As I approached Bhagavan with many similar thoughts crowding into my mind, he began to smile. I did not know why. When I bowed before him and got up, he said, “The Vedic recitation is all over.” Two months back, during the Golden Jubilee celebrations, the programme relating to Veda Parayana was gone through an hour earlier than usual and so it was all over when we went there, at the usual time. I thought that the significance of Bhagavan’s smile was that the same thing had happened this time also. Ashamed at my own carelessness, I asked Bhagavan, “Have you been here all night?” Bhagavan replied, “No. Every year people used to come group after group from 2 a.m. onwards. So, I came here at 2 a.m. Because of the rains, they have not come yet.” “You will be fined for having come late,” said one of the devotees to me. We all laughed.

While we were all seated there chatting, Ramaswamy Pillai and Kuppuswamy Iyer came and stood before the sofa.

“Why? Is there any parayana?” asked Bhagavan. “Yes. It is not yet time for a bath. We shall recite Thevaram (Hymns of Lord Siva by three Tamil saints),” said Pillai. Bhagavan agreed and they started to recite. As soon as it was over Ramaswamy came there, saying that it was time for his bath. Pillai said he would recite the Thiruvembavai written by Saint Manikkavachakar.

“It has twenty stanzas. How can I wait till it is all recited? It is time to go,” said Bhagavan, and got ready to go by massaging his legs. “We shall stop presently.” So saying Pillai started reciting one stanza beginning with ‘Annamalaiyan’. The idea contained in it is this:

“Oh! Sakhi (lady companion)! Just as the glitter of the precious stones in the crowns on the heads of the devatas who bow to the lotus feet of Lord Arunachala get dim and hidden by the shining of those lotus feet of the Lord, in the same way the rays of the rising sun dispel darkness (in the universe) and dim the light of the shining stars. At that hour, let us sing the praise of those sacred feet of the Lord. Let us bathe and swim in the tank full of flowers, singing in praise of those lotus feet.”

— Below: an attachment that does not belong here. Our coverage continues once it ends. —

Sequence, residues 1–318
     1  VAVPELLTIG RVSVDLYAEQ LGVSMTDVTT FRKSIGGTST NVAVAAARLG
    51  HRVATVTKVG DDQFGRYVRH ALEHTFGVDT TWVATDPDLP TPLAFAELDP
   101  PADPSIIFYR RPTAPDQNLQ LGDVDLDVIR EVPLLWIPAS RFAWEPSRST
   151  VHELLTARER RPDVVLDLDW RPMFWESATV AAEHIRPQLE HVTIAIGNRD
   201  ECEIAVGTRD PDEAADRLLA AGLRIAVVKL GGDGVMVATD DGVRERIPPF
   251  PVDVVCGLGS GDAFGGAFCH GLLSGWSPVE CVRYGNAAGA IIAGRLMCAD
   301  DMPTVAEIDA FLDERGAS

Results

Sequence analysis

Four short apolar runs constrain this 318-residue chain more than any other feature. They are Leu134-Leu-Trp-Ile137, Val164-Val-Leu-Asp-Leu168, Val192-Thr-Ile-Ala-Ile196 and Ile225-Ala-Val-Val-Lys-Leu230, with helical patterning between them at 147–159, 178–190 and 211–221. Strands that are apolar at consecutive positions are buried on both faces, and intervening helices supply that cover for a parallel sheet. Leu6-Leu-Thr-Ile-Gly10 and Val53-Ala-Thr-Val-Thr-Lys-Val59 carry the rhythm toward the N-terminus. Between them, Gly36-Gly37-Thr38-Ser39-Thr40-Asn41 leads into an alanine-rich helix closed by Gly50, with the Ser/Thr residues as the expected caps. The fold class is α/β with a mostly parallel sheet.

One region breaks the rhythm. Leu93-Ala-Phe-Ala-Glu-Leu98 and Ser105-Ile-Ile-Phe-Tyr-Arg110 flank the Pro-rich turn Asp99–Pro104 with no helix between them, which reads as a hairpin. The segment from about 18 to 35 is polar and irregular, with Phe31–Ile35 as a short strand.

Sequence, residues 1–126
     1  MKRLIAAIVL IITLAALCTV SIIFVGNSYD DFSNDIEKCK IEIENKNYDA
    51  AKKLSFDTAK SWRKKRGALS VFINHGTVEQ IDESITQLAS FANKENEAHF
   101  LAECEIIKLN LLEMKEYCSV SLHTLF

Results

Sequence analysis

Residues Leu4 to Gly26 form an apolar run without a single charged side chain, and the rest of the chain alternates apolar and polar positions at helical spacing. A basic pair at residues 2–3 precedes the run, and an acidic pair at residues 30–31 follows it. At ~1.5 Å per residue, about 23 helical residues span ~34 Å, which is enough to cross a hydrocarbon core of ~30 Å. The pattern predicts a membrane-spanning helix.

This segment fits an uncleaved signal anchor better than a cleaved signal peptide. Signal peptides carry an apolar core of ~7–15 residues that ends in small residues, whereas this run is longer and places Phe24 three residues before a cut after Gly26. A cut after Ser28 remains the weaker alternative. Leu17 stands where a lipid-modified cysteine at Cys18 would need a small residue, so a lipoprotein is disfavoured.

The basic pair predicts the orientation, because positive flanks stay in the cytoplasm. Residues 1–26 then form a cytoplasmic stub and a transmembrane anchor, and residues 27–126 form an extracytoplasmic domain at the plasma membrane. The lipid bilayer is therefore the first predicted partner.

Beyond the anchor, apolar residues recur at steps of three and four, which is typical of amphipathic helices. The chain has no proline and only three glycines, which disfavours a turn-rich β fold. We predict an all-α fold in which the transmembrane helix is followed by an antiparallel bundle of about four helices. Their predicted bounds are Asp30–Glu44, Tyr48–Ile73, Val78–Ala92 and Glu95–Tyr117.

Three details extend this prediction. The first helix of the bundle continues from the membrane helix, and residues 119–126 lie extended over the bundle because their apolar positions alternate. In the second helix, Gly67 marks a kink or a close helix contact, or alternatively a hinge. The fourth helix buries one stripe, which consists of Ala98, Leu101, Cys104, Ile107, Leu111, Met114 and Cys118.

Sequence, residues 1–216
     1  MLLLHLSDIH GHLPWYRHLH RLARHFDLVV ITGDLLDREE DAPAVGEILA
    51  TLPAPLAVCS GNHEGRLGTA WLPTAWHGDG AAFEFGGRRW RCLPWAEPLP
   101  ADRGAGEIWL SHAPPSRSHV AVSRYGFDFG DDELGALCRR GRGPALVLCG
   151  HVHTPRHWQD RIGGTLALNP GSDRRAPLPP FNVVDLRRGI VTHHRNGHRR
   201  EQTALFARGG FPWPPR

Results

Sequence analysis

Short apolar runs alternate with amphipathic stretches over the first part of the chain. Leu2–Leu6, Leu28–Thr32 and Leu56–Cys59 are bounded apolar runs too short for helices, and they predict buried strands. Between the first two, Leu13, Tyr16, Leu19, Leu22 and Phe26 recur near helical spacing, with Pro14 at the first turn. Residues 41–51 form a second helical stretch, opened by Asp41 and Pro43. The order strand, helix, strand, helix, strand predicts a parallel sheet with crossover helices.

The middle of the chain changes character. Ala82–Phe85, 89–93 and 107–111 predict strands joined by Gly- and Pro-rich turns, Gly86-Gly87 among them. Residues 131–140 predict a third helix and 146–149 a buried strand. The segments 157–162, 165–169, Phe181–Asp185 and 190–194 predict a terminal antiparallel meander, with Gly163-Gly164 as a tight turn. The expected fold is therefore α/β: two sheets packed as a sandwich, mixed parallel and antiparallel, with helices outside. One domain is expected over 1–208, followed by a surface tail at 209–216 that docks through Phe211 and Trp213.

This recital just ended as Bhagavan placed his feet on the ground to go for his bath. As the recitation ended with the words, “Let us bathe! Get up!” Bhagavan got up from the sofa, saying “Yes! Here I am, getting up for my bath.” We all laughed.

Though the Paramatma who is neither man nor woman manifested Himself in this universe in the shape of Bhagavan, still in the worship of Lord Arunachaleswara, Bhagavan addressed the Lord with abala bhava (feelings of a woman towards her husband). I therefore felt indescribable pride at this. It appears Manikkavachakar sang those songs when he got abala bhava towards the Lord. Bhagavan too wrote his Aksharamanamalai with the same abala bhava. Do you see how exalted a place is accorded to the abala bhava! I started writing to you this series of letters last year just after the festival of Karthika, on the occasion of the arrival of the procession of Lord Arunachala in front of the Ashram while going round the sacred hill (Giri pradakshina) and in the spirit of the Lord’s saying that the child is beholden to the father. All those letters were sent for printing a few days back.

No comments: